'Older than history, older than tradition’ – that is how philosopher Mark Twain described Varanasi. That is almost true for the various textiles that originate from this place. Resting on the banks of the river Ganges Varanasi, deriving its name from the river’s two tributaries Varuna and Asi, is almost synonymous with the finest of fabrics from historical times. It is said that the expensive silk clothes that Siddhartha (later Gautam Budha) renounced were woven by the weavers of Varanasi. The place flourished as a textile centre when it was the capital of Kasi kingdom of which Siddhartha was the prince.
Zari and Brocade textiles are unique to the city. There was mention of these regal fabrics in the 19th century Indian literature. The name Brocade originates from the Italian word ‘broccato’ which means embossed cloth. Brocade is a class of richly ornamental fabric which is mainly done with silver and gold threads. Originating during the Vedic period Brocade reached its peak during the Mughal period. Brocade became a characteristic weave of Varanasi where a pattern is created by thrusting the Zari thread between warp at regular intervals. A type of loom called ‘Jalla’ was used to weave a brocade fabric. With the advent of modern day technology Brocade are now woven in jacquard looms. These are almost automated looms where the entire design is fed into a machine or computer and the whole process is completed mechanically. Also in place of threads derived from original metals, electroplated metallic threads are currently used. Because of their metallic origin most Brocades give a scratch feeling. Some of the Brocade themes which are popular are – Tasvir which gives a pictorial theme; Phulwar which uses designs with a floral theme; pure Geometrical theme; and Shikargarh which uses designs with hunting scenes.
Jamdani is another Varanasi innovation. The silk Jamdani, which can be considered a technical variety of Brocade, is one the finest creations of Varanasi. The other popular varieties of creations from Varanasi are – Jangla, Tanchoi, Vaskat, Cutwork, Tissue and Butidar. Jangla style adds a sense of gaiety and festivity with the usage of colorful silk threads among the traditional silk and gold threads. Jangla style is quite time consuming and uses expensive fabrics making it a favorite in wedding occasions. In Tanchoi, Varanasi weavers use a technique similar to Brocade. Here patterning is done by weavers using colorful extra weft silk yarn. Vaskat is another popular form of Varanasi embroidery using the characteristic work of the Varanasi weavers. Cutwork is considered to be a cheaper version of the Jamdani variety. A pattern is created in between selvages and the extra thread which is not woven is cut manually giving it a Jamdani look. A Tissue style generally uses real metallic Zari. The weaving of a Tissue material is so intricate that it looks like a golden cloth. It is a combination of Zari in weft, Zari and silk in extra weft, and silk in warp thus creating a densely patterned piece of fabric. Tissue is the most favored by the nobility during the wedding season. In Butidar fabric the most striking feature is the patterned thread of gold, silver, and silk. This style is also known as Ganga-Jamuna due to the confluence of brighter gold and lighter silver. This is a rich creation where the traditional and contemporary blend effortlessly.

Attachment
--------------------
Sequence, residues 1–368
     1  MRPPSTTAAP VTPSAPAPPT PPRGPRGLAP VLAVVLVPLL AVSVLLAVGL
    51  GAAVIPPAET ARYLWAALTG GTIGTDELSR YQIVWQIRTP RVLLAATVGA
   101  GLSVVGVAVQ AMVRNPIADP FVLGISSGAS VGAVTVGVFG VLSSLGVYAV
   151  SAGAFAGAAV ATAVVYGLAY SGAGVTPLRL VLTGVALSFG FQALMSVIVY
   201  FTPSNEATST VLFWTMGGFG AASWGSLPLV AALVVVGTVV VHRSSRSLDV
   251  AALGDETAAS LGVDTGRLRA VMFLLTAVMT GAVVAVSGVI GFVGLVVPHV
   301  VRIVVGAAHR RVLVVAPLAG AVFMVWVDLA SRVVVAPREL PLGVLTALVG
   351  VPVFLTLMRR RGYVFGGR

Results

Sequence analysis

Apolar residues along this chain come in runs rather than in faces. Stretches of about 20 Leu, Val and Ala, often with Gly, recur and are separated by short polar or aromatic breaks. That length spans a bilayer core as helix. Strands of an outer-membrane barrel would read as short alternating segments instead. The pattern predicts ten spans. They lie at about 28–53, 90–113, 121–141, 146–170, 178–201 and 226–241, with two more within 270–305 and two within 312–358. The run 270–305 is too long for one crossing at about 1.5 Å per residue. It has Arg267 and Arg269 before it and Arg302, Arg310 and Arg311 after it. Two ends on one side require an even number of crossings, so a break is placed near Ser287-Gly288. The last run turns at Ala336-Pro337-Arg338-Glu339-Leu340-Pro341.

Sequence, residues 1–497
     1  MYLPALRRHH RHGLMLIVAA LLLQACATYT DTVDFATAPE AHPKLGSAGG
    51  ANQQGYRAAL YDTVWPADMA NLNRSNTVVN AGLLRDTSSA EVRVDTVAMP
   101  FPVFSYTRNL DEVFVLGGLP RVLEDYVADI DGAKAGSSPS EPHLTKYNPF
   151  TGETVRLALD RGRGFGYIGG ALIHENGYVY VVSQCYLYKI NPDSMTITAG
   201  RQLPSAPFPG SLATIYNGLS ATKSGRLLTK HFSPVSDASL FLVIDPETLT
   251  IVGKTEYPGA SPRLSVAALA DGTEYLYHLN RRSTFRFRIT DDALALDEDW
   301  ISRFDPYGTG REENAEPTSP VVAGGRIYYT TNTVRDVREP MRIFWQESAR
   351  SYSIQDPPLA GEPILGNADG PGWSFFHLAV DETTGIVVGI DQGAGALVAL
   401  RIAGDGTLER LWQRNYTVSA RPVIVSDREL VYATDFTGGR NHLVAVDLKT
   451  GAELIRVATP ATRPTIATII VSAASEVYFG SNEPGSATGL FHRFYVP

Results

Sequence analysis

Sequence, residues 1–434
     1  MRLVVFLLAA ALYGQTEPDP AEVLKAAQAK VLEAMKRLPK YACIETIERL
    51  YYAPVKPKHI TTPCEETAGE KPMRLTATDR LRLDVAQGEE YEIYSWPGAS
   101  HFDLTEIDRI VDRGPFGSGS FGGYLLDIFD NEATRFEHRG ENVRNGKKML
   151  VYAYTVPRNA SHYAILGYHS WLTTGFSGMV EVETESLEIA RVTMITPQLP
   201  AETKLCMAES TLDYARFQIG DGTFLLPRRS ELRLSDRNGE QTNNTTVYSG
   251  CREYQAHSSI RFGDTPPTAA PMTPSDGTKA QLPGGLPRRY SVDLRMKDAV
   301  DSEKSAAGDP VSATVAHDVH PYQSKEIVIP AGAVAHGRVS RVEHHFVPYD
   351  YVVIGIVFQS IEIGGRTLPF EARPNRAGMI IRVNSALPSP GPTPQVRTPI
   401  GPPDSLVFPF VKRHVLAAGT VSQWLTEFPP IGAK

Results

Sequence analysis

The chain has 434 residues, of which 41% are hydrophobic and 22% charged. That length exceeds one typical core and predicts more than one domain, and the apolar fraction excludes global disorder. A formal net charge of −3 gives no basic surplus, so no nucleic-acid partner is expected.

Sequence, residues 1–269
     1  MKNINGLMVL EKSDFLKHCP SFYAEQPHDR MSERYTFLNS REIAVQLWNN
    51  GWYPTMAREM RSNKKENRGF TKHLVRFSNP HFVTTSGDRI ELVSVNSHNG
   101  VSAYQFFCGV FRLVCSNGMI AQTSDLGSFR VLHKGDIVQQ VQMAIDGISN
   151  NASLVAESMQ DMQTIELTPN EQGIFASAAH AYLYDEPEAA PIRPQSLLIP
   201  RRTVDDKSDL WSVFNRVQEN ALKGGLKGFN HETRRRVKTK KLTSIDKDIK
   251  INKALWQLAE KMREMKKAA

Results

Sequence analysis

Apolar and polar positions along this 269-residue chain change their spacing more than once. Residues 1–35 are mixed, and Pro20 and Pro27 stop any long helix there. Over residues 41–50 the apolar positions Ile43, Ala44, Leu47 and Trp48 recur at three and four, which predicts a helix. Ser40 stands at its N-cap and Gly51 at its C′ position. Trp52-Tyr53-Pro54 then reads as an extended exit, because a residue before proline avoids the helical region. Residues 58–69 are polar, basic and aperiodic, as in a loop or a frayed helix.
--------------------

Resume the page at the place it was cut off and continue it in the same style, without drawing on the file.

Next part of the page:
Enjoy the Evening watching the Prayers on the banks of Ganges